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I enjoy being up in the air. Planes, gliders, helicopters... you name it, I like it.

What is an effective way to meet pilots looking for passengers?

I'm guessing that some pilots would like passengers to have someone with whom to share the experience, or maybe to gather hours for certifications.

I'm not looking to go anywhere in particular. Although I'm open to flying to any destination, just going up in the air and coming back to the same airport is fine.

I enjoy being aloft in the daytime as well as at night.

I simply enjoy the experience of flying and want to connect with pilots who are looking for some company.

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    $\begingroup$ Interesting question, though I think pilots may be wary of the security risk. It'd probably help if you stated your general location. $\endgroup$ – Danny Beckett Nov 4 '14 at 0:55
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Well if you are in Australia I'd love to take you for a spin!

You need to find your local aviation community. Online, airport open days, the local aero club, flying schools, aviation events, and even at the fence of the airport - you'll find people if you go looking. In any aviation enthusiast group you're likely to find at least one private pilot. Build up a bit of a rapport and just ask them to take you up. Just be genuine, talk about what you love about flying, don't look shocked when they say you have to pay half (remembering that private pilots are not allowed to earn money for it, so don't let yourself get ripped off), and offer to buy them a beer afterwards or something :)

EDIT - I add the beer comment as a bit of a joke. Although it's always nice to get that bit of gratitude from a passenger, a pilot trying to build hours before going commercial would simply be thrilled to not have to pay for a full hour!

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Aviation, for me, is a lifestyle more than anything.

Some background: I'm still a college student, but I'm going into the Air Force, I am on my school's flight team, I am getting a degree in asto engineering (and astro physics). Almost everyone I know is involved in aviation or space in one way or another. We fly around the southwest part of the country all the time, but it's normal. One weekend I'll fly LA, and another a friend will take us to Vegas.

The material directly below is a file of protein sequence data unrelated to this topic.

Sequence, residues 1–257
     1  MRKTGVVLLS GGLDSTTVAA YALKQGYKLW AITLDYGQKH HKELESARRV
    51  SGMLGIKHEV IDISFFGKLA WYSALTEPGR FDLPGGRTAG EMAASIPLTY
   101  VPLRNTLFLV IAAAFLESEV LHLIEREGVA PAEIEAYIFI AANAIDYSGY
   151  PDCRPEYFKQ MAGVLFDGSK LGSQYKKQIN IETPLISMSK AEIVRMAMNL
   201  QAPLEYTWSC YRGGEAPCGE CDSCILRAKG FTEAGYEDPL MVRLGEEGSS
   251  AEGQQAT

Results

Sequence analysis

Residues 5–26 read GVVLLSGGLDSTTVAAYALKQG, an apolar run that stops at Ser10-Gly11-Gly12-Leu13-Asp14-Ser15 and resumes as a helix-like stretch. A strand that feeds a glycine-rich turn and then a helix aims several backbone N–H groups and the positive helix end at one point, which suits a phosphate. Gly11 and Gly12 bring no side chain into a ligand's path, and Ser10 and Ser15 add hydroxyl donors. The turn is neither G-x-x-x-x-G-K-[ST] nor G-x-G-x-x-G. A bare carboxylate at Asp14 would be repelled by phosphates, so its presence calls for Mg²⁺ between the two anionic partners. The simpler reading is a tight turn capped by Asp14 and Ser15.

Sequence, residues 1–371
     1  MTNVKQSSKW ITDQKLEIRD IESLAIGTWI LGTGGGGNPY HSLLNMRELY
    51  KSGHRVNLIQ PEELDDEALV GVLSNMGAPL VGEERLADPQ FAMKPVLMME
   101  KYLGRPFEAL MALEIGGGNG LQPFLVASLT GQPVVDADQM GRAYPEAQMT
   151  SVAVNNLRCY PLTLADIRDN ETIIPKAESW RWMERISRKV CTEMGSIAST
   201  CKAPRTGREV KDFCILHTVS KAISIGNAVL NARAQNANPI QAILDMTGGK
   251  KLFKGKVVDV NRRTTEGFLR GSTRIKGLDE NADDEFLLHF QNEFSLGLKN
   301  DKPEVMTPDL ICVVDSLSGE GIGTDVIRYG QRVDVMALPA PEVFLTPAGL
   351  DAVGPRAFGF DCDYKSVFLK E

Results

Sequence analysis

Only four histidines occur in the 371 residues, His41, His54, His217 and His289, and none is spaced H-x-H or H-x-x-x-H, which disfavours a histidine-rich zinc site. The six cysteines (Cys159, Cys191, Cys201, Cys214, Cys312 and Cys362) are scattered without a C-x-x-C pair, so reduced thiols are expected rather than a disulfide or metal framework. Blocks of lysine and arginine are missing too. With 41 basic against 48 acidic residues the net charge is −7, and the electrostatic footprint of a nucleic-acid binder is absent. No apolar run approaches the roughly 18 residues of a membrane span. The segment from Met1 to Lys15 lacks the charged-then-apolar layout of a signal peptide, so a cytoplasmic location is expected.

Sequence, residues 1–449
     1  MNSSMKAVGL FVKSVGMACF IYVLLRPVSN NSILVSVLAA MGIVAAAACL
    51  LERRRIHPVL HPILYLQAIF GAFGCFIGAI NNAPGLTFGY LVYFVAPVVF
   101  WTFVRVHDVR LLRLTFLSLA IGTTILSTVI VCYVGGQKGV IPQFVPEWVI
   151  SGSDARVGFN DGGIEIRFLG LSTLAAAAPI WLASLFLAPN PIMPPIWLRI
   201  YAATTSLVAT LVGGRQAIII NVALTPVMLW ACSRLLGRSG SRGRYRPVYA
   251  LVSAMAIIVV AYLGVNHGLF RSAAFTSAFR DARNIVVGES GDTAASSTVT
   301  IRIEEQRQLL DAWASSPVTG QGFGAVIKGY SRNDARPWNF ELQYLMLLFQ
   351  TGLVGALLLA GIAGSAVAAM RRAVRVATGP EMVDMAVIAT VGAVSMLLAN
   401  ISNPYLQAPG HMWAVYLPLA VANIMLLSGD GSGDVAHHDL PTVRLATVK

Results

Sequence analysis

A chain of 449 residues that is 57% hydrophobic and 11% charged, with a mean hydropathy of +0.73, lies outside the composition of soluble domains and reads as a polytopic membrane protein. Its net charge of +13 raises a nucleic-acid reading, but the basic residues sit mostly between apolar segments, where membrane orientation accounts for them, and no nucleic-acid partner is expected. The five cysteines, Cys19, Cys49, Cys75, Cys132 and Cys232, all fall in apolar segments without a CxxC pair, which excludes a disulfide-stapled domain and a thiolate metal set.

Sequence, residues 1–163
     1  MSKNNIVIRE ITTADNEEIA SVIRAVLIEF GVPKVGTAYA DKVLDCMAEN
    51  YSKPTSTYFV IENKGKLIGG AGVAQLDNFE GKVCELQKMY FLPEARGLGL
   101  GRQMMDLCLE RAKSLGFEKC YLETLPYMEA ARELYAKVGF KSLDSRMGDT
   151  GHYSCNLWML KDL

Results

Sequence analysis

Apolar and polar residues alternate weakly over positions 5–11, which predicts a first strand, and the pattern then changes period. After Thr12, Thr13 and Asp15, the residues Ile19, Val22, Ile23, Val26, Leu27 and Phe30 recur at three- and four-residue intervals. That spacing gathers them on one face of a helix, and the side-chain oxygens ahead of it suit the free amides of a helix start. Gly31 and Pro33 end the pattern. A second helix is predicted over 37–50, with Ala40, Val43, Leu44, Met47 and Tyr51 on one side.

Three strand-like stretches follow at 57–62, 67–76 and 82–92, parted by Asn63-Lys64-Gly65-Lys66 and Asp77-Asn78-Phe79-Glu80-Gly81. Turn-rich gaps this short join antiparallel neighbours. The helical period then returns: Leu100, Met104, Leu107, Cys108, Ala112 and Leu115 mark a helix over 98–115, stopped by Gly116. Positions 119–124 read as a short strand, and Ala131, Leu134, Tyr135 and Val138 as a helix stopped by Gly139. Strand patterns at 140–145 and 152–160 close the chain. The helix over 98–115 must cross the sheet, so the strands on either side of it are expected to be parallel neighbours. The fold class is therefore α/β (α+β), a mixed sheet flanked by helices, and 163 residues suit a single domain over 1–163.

Have you considered going to flight training, yourself? If you find a good flight school, you wont only learn to fly yourself, but you will meet other people like you. And once you become friends with them you can all fly each other after you get your licences.

Honestly, I would be pretty uncomfortable flying with someone I don't know next to me. For example, If you've ever picked up a hitch-hiker you might know how it's a bit awkward and uncomfortable making small talk with a completely random person. Now imagine what that would be like in an airplane... a plane that most likely has controls in both (front) seats, and could do serious damage if used improperly.

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    $\begingroup$ Each to their own! I for one love bonding with new people with a shared passion. I'd have no problem taking up a stranger after a chat to see if their interest is legitimate. $\endgroup$ – Ben Nov 4 '14 at 6:34
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You need to be aware that the holder of a Private Pilot Certificate (the entry level certificate that permits the carriage of Passengers) has rules that prohibit the pilot from "holding out", a term that implies the pilot is soliciting passengers. So if you just blow into the local FBO and ask someone to take you up, there will be an immediate suspicion that you are from the FAA and may possibly be setting up a trap for the pilot. IT IS VERY UNLIKELY that entrapment will be happening! However, the fear of it may deter a pilot from saying yes, just as the fear of security concerns mentioned in other answers.